Ammonia

For those of you who might have missed it, or more importantly, for those of you who only heard about it in the mainstream media, there was an emergency declared this morning on the International Space Station. The “tl;dr” version is that everyone followed the procedures that they’ve practiced hundreds of times, everyone’s safe, the emergency turned out to be a faulty sensor, and everything’s getting back to normal.

Not that you would know it from looking at the stupid clickbait headlines in a vast number of online “news” sites. I don’t know which worries me more, the fact that so many of our traditionally reliable and trustworthy news sources are turning into happy-talk, sensationalist, fear mongering, nonsense sites, or that so many of the general populace doesn’t know and/or doesn’t care that it’s happening and believe every word without question.

Anyway…

Up on ISS, there are three BIG problems that are top of the list in potential crises. First, depressurization, perhaps if they’re hit by a piece of debris or a micrometeorite. Secondly, fire and smoke, which can get out of control, behave in an unusual way, and get very deadly very fast. Third, an ammonia leak from the cooling system, which can get into the cabin air and become extremely toxic and poisonous.

All of the equipment running on ISS creates a lot of heat, which has to be dissipated. There’s a water cooling loop inside – but it can’t go outside because the water would freeze and/or boil in the temperatures, breaking the system. So outside there is a coolant loop of ammonia, which is very good for the job but also very poisonous in high concentrations and being pumped around under pressure. In between the two systems are a series of heat exchanging radiators.

That’s where the problem could come in. If something cracks in one of those radiators and fails despite the safeguards, ammonia could get into the cooling water, and from there into the air.

What controllers on the ground at NASA saw about twenty-one hours ago was a rise in pressure in the water cooling system. This is a potential sign that ammonia is possibly leaking into the system. Then they saw a rise in the cabin air pressure, which would be a second sign of possible ammonia contamination.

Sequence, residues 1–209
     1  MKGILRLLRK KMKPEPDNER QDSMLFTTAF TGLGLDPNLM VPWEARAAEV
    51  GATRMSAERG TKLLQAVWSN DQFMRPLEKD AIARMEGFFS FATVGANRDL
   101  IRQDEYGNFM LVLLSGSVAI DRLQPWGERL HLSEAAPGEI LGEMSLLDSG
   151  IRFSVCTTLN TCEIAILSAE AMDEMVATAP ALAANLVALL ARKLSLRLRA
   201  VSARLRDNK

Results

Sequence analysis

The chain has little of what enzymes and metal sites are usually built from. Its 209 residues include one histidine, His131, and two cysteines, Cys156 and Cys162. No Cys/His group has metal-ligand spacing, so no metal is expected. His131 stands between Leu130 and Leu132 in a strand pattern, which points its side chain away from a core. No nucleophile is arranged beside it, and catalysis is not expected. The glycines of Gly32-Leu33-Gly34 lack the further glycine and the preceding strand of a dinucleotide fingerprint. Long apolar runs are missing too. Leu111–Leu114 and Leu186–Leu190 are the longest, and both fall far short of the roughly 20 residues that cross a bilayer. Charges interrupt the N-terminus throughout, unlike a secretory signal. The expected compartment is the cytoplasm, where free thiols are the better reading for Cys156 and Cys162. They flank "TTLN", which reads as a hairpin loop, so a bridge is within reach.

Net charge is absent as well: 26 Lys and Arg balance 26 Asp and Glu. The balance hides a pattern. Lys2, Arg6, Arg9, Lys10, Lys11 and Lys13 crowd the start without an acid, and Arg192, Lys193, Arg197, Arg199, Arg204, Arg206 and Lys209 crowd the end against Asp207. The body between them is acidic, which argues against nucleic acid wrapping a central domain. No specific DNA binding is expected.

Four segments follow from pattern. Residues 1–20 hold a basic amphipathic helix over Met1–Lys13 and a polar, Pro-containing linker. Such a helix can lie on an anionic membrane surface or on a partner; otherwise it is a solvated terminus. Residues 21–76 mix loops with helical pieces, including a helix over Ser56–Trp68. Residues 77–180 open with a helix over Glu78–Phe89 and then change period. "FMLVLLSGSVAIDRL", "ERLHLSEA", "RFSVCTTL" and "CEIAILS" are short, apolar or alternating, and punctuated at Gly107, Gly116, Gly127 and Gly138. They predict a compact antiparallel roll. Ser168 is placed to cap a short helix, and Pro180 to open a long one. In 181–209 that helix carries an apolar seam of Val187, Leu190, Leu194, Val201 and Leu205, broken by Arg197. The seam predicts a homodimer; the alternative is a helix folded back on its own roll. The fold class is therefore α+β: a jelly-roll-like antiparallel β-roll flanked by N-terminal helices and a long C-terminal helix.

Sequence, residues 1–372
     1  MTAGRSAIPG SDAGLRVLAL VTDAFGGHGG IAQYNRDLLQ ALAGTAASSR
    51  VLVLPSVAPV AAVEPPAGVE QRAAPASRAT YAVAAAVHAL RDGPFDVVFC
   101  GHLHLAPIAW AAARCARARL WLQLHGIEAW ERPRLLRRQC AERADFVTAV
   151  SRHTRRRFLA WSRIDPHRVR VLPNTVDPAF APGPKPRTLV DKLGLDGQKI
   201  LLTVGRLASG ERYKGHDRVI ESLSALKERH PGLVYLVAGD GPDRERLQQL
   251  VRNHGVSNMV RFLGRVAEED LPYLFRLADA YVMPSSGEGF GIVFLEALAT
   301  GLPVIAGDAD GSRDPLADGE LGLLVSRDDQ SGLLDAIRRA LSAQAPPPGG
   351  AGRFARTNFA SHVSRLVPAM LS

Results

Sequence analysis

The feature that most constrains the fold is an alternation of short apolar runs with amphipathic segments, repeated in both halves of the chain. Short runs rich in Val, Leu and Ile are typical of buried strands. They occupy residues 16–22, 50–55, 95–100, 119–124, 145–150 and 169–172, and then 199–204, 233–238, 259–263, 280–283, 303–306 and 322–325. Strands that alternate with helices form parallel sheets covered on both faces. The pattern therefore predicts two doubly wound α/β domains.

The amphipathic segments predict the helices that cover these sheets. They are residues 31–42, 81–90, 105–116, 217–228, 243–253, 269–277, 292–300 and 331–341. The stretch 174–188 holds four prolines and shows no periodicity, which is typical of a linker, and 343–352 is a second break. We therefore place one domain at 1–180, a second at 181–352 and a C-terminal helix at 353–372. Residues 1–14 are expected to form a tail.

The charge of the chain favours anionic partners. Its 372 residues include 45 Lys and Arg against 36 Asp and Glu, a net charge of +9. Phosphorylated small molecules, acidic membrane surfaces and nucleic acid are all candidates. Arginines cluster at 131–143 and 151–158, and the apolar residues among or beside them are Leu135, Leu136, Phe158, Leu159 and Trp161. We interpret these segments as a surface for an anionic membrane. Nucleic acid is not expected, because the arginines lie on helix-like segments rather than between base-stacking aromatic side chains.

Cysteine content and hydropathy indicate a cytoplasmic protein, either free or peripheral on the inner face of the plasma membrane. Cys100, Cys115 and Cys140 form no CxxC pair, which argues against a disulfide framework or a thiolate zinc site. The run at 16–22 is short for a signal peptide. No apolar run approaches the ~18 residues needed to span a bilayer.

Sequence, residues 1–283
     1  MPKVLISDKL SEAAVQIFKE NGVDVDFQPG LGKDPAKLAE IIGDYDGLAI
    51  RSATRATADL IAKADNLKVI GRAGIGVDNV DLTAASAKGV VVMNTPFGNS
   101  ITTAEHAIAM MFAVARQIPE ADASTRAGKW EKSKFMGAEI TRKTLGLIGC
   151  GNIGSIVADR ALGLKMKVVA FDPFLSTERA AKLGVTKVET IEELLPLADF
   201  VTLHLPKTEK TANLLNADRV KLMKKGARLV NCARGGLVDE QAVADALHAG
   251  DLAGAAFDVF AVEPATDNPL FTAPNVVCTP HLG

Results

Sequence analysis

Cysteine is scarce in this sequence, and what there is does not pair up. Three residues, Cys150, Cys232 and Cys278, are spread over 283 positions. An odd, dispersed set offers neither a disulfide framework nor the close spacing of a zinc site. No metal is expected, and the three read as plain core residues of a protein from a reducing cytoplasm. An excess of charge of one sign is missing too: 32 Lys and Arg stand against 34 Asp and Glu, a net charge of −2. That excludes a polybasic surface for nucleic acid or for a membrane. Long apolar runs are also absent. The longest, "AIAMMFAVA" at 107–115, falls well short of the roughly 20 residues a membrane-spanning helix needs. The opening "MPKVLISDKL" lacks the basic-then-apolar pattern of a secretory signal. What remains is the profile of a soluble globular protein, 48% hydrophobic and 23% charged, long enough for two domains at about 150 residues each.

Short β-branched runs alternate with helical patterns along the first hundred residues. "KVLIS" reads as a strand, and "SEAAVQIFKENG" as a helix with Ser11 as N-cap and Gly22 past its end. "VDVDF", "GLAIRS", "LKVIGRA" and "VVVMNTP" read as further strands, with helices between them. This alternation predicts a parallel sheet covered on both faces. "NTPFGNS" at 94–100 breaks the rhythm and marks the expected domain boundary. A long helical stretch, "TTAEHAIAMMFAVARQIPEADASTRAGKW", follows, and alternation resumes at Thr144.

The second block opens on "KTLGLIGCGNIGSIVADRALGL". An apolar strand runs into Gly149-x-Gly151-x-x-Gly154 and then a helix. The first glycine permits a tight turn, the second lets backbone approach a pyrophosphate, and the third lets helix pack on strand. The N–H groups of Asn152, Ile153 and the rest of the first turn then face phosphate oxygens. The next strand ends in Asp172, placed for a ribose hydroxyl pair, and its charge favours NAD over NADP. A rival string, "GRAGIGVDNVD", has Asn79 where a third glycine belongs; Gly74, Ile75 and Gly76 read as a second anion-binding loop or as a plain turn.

As planned in such a situation, the astronauts in the American side of the station (where the ammonia/water cooling loops are) put on gas masks, retreated to the Russian side of the station (where there is no ammonia system), and closed the hatches. (Each segment of the station has a hatch at every entrance that can be closed, sealed, and locked quickly, just like in a submarine. In an emergency, it limits the potential damage.)

From there they tested the air in the Russian segment (it was fine) and the controllers on the ground started shutting down systems on the American side to save power and minimize the load on the cooling system. From there, the crew could stay for a considerable time (weeks if necessary) using just the Russian food, oxygen, and toilet. It would be crowded and inconvenient, but it would be safe.

Once in a safe mode, ground controllers began testing the cooling system and double checking the monitoring sensors and computers. At no point was there every any evidence that an ammonia leak had actually occurred. All that was seen were the two pressure readings that might possibly be early warning signs of a leak.

After several hours, the controllers on the ground were convinced that it was in fact a false alarm, caused by a problem with one of the interface cards that connects the computers to the sensors. The go-ahead was given to start procedures to re-enter the American side of ISS.